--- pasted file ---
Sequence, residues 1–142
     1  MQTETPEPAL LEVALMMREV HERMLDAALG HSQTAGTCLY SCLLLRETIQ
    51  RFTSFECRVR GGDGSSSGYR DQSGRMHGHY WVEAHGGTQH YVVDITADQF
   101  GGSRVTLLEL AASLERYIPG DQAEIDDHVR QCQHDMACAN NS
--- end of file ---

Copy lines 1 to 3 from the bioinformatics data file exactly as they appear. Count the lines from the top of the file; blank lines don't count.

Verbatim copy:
Sequence, residues 1–142
     1  MQTETPEPAL LEVALMMREV HERMLDAALG HSQTAGTCLY SCLLLRETIQ
    51  RFTSFECRVR GGDGSSSGYR DQSGRMHGHY WVEAHGGTQH YVVDITADQF